Companies (and the trade associations that represent them) need to develop social media-specific strategies as part of their non-technical risk management plans. The most effective approach is to focus on regional assets and address specific local concerns. In the case of shale development nationwide, there are issues to address — air emissions, health, seismicity and water impacts, among many others — but individual regions rarely view all of these matters as equally important. Responding to every possible problem likely will overlook the fact that a given community is interested only in one or two topics. Social media can provide a glimpse into a community’s most important concerns, as well as a platform for addressing them directly, clearly and effectively.
In an environment where towns are considering restrictions on hydraulic fracturing, local issues are bigger than an individual operator’s plans. A locally passed measure can have a snowball effect if companies operating outside that locality fail to respond in a timely fashion. Even a brief delay can mean local residents already have been flooded via Twitter and Facebook, as well as microsites with carefully crafted talking points designed to sway opinions against development. The speed with which information travels over social media means that, in the absence of a proactive engagement strategy, any public outreach after the fact likely will be too little and too late.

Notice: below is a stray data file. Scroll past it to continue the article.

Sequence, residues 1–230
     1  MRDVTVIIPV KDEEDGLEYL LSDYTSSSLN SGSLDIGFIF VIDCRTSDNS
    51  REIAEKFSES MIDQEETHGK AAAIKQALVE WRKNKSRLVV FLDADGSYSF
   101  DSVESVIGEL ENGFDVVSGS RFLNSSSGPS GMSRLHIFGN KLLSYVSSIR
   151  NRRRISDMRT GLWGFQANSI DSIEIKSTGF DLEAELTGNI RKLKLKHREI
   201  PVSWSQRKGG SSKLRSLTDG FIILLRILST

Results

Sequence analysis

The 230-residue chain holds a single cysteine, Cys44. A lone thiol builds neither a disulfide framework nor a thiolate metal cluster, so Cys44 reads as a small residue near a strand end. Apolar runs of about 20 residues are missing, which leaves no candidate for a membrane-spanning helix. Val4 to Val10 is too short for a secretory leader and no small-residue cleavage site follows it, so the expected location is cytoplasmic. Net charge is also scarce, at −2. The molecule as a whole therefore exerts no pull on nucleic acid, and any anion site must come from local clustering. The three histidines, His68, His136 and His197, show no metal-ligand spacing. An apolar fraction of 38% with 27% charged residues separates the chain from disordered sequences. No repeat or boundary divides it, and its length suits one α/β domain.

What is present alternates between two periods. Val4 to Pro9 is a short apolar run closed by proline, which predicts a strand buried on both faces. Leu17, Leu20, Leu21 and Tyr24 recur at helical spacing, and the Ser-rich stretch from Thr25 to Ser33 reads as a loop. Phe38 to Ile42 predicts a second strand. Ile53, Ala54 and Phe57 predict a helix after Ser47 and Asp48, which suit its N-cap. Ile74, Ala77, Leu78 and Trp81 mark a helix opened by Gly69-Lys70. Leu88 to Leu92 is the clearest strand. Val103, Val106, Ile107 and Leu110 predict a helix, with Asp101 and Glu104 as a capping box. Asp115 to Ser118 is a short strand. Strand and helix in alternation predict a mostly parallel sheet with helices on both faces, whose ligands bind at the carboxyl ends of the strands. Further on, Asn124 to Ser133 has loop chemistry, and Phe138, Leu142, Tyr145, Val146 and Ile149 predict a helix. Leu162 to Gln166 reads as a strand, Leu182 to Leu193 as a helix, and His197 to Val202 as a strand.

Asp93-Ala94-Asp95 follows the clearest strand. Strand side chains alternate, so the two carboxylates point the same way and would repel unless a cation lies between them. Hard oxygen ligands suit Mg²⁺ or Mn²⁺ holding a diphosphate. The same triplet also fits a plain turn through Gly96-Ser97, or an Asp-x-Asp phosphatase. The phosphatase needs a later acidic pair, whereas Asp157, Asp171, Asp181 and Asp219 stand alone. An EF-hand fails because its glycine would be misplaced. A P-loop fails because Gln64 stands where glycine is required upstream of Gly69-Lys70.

The oil and gas industry has an overwhelmingly positive (and broadly supported) story to tell. That story — job creation, economic growth and energy security — has not changed much over the decades, but the way people look for and share news has.
Those who are interested in “getting the story right” about their companies or organizations cannot afford to ignore social media, especially if competitors — or advocacy groups fighting against corporate interests — are themselves actively engaging in those channels. Ignoring social media allows others to shape the public narrative.
Paid advertisements and conventional media outreach still are useful to the energy industry, but they no longer are sufficient for achieving public relations (“PR”) goals. As the experience with the Colorado fracking debate showed us, ignoring social media ultimately could result in something much bigger than bad PR: It could mean losing the license to operate altogether.
David Blackmon (@gdblackmon) has more than 30 years of experience in the oil and gas industry, focusing on public and governmental affairs. His regular Forbes column ranks among the most highly trafficked sources on the web for discussions about fracking and other oil and gas issues.
Steve Everley (@saeverley) serves as team lead for the nationally recognized Energy In Depth program, a public education program on hydraulic fracturing and tight resource development. He recently was ranked among the top 10 oil and gas professionals on Twitter.